Multi-Node Kubernetes Cluster

Date: 2021-08-17
Author: Helmuth

This time I wanted to install a multi-node cluster using kubeadm. For simplicity I am using one physical box with multipass, which allows me to have multiple virtual machines for the nodes.

Multipass is delivered using snap, and for installing snap one has to install (if not done already) the snap daemon snapd.

# apt-get install snapd # snap install multipass
Code language: Shell Session (shell)

Next step is installing the virtual machines. Our setup will start with a single node cluster, and we will then add the second node as a compute node.

I suggest allocating at least 2GB RAM, 5GB disk space and 2vCPU per node, but the more the better. In my setup I ended up with 4GB RAM, 20GB disk space and 4vCPUs per node.

# multipass launch --name k8s-control --cpus 4 --mem 4G --disk 20G # multipass launch --name k8s-node --cpus 4 --mem 4G --disk 20G
Code language: Shell Session (shell)

The node k8s-control will be our control plane, and k8s-node will be our compute node.

Let's check the status of the nodes after some time:

# multipass info --all Name: k8s-control State: Running IPv4: Release: Ubuntu 20.04.2 LTS Image hash: bca04157409e (Ubuntu 20.04 LTS) Load: 0.14 0.08 0.03 Disk usage: 1.2G out of 19.2G Memory usage: 166.4M out of 3.8G Name: k8s-node State: Running IPv4: Release: Ubuntu 20.04.2 LTS Image hash: bca04157409e (Ubuntu 20.04 LTS) Load: 0.31 0.12 0.04 Disk usage: 1.2G out of 19.2G Memory usage: 168.8M out of 3.8G
Code language: Shell Session (shell)

Looks good so far!

To access the node for our control plane we can use multipass k8s-control and we will be on the virtual machine.

We start with updating the node to the latest packages:

# multipass shell k8s-control ubuntu@k8s-control:~$ sudo apt-get update && sudo apt-get -y dist-upgrade
Code language: Shell Session (shell)

We will install CRI-O for the container runtime. Let's prepare for this:

ubuntu@k8s-control:~$ sudo modprobe overlay ubuntu@k8s-control:~$ sudo modprobe br_netfilter ubuntu@k8s-control:~$ sudo vi /etc/sysctl.d/99-kubernetes-cri.conf net.bridge.bridge-nf-call-iptables = 1 net.ipv4.ip_forward = 1 net.bridge.bridge-nf-call-ip6tables = 1 ubuntu@k8s-control:~$ sudo sysctl --system
Code language: Shell Session (shell)

Next is installing CRI-O.

$ sudo vi /etc/apt/sources.list.d/cri-o.list deb / deb / $ curl -L | sudo apt-key add - $ curl -L | sudo apt-key add - $ sudo apt-get update $ sudo apt-get install cri-o cri-o-runc
Code language: Shell Session (shell)

Now we can start the CRI-O runtime:

ubuntu@k8s-control:~$ sudo systemctl daemon-reload ubuntu@k8s-control:~$ sudo systemctl enable crio ubuntu@k8s-control:~$ sudo systemctl start crio ubuntu@k8s-control:~$ sudo systemctl status crio
Code language: Shell Session (shell)

Next step: install kubadm. For this we also make sure that kubelet will find the CRI-O runtime.

ubuntu@k8s-control:~$ sudo vi /etc/default/kubelet KUBELET_EXTRA_ARGS=--feature-gates="AllAlpha=false,RunAsGroup=true" --container-runtime=remote --cgroup-driver=systemd --container-runtime-endpoint='unix:///var/run/crio/crio.sock' --runtime-request-timeout=5m
Code language: Shell Session (shell)

Adding the repo for kubernetes. There is no entry for "focal" (20.04) so we use the entry for xenial which is still working fine.

ubuntu@k8s-control:~$ sudo vi /etc/apt/sources.list.d/kubernetes.list deb kubernetes-xenial main ubuntu@k8s-control:~$ curl -L | sudo apt-key add - ubuntu@k8s-control:~$ sudo apt-get update ubuntu@k8s-control:~$ sudo apt-get install -y kubeadm=1.18.1-00 kubelet=1.18.1-00 kubectl=1.18.1-00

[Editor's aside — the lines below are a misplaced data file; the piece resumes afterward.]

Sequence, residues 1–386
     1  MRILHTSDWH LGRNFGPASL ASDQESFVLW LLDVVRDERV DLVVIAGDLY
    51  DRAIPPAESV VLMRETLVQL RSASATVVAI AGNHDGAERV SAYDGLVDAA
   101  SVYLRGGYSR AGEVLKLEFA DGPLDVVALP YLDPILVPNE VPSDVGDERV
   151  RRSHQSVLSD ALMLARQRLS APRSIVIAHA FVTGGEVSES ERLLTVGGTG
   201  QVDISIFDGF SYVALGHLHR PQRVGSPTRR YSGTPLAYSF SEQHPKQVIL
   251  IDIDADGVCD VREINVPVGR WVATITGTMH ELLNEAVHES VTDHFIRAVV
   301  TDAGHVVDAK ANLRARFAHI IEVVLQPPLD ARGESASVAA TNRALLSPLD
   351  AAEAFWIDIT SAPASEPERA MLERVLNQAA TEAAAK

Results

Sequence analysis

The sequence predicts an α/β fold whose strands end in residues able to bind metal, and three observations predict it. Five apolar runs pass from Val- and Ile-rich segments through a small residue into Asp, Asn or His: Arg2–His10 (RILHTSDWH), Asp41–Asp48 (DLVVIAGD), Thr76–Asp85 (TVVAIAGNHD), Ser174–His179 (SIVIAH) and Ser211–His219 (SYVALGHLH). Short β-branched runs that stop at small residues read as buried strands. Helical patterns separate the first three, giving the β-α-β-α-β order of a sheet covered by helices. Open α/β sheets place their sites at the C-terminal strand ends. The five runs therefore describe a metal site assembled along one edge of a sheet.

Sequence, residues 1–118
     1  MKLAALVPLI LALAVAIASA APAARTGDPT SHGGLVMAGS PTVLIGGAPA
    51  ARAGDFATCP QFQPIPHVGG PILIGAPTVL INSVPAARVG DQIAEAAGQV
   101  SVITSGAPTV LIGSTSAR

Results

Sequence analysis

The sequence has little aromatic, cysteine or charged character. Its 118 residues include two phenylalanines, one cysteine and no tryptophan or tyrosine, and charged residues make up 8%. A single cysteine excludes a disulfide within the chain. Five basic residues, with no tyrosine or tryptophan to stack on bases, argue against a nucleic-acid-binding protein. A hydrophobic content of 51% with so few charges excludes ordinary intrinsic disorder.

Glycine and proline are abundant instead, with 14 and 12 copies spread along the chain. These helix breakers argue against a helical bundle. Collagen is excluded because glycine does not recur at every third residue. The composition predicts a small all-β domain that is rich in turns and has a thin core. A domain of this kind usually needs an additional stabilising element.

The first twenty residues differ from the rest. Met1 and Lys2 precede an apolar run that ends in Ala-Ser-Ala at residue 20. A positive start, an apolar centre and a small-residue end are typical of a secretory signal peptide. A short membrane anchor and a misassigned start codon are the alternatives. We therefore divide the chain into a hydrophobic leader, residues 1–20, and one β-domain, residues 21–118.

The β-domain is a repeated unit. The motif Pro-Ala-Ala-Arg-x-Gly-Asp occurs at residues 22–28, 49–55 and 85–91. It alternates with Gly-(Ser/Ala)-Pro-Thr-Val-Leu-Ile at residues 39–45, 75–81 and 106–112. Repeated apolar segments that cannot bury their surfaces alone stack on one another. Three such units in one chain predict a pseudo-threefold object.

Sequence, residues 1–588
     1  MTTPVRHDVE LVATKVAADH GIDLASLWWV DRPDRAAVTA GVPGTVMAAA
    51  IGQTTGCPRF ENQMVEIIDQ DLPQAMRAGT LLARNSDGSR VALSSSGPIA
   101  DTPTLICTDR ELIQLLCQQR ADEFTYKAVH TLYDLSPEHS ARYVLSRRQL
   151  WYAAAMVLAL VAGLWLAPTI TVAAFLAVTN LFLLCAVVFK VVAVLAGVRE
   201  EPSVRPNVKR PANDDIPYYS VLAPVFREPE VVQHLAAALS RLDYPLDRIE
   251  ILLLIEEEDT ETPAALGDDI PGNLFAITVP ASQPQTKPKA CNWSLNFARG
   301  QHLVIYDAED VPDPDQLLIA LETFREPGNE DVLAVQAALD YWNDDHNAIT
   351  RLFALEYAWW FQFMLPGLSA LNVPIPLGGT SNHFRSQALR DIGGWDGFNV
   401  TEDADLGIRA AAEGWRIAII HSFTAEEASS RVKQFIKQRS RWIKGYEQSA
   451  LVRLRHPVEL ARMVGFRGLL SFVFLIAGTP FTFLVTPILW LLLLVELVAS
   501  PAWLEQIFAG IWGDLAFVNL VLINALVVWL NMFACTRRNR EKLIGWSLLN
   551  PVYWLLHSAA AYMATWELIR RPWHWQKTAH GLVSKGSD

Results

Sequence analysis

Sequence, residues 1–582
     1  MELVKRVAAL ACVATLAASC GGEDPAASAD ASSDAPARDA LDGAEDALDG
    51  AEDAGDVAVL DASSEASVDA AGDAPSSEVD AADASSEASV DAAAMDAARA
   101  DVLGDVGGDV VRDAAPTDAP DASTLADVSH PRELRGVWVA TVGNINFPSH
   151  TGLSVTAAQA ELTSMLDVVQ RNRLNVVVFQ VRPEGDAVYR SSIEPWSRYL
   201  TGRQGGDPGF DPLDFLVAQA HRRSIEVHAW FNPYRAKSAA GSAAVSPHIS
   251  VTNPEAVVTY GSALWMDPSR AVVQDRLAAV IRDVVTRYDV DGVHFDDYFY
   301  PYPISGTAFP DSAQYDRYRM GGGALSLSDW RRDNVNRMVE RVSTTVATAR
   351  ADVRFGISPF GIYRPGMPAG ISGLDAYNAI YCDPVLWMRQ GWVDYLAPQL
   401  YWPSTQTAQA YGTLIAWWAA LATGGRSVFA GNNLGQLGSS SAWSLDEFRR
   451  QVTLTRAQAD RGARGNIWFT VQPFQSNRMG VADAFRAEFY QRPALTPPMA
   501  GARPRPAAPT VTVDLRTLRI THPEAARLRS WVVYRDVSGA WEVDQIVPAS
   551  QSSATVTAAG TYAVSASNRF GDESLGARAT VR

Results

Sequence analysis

Code language: Shell Session (shell)

Updates of kubeadm and other tools must be controlled, we are locking the current version in.

ubuntu@k8s-control:~$ sudo apt-mark hold kubelet kubeadm kubectl
Code language: Shell Session (shell)

Next we look into installing Calico for networking.

ubuntu@k8s-control:~$ wget
Code language: Shell Session (shell)

There is one setting for the IPv4 pool which is used to allocate addresses to pods. This pool (by default should not conflict with other addresses in the cluster.

Next is to add the local IP address of the control plane to the /etc/hosts file, with a name - I'm using k8smaster in this example.

sudo vi /etc/hosts<br> k8smaster
Code language: Shell Session (shell)

As multipass is managing the /etc/hosts file we also have to update the template to ensure this value will not be changed later:

sudo vi /etc/cloud/templates/hosts.debian.tmpl
Code language: Shell Session (shell)

Following this we create a simple kubeadm configuration for initializing the master:

vi kubeadm-config.yaml

apiVersion: kind: ClusterConfiguration kubernetesVersion: 1.18.1 controlPlaneEndpoint: "k8smaster:6443" networking: podSubnet:
Code language: YAML (yaml)

With this file we can now initialize the cluster:

sudo kubeadm init --config=kubeadm-config.yaml --upload-certs \<br> | tee kubeadm-init.out
Code language: Shell Session (shell)

To have control access, we copy the kube-config file for the current user:

ubuntu@k8s-control:~$ mkdir .kube ubuntu@k8s-control:~$ sudo cp -i /etc/kubernetes/admin.conf .kube/config ubuntu@k8s-control:~$ sudo chown ubuntu: .kube/config
Code language: Shell Session (shell)

And we can now apply the calico configuration.

kubectl apply -f calico.yaml
Code language: Shell Session (shell)

For future ease we can update bash completion, using the defaults by Kubernetes:

echo "source <(kubectl completion bash)" >> $HOME/.bashrc
Code language: Shell Session (shell)

Next step is connecting our second worker node to the cluster.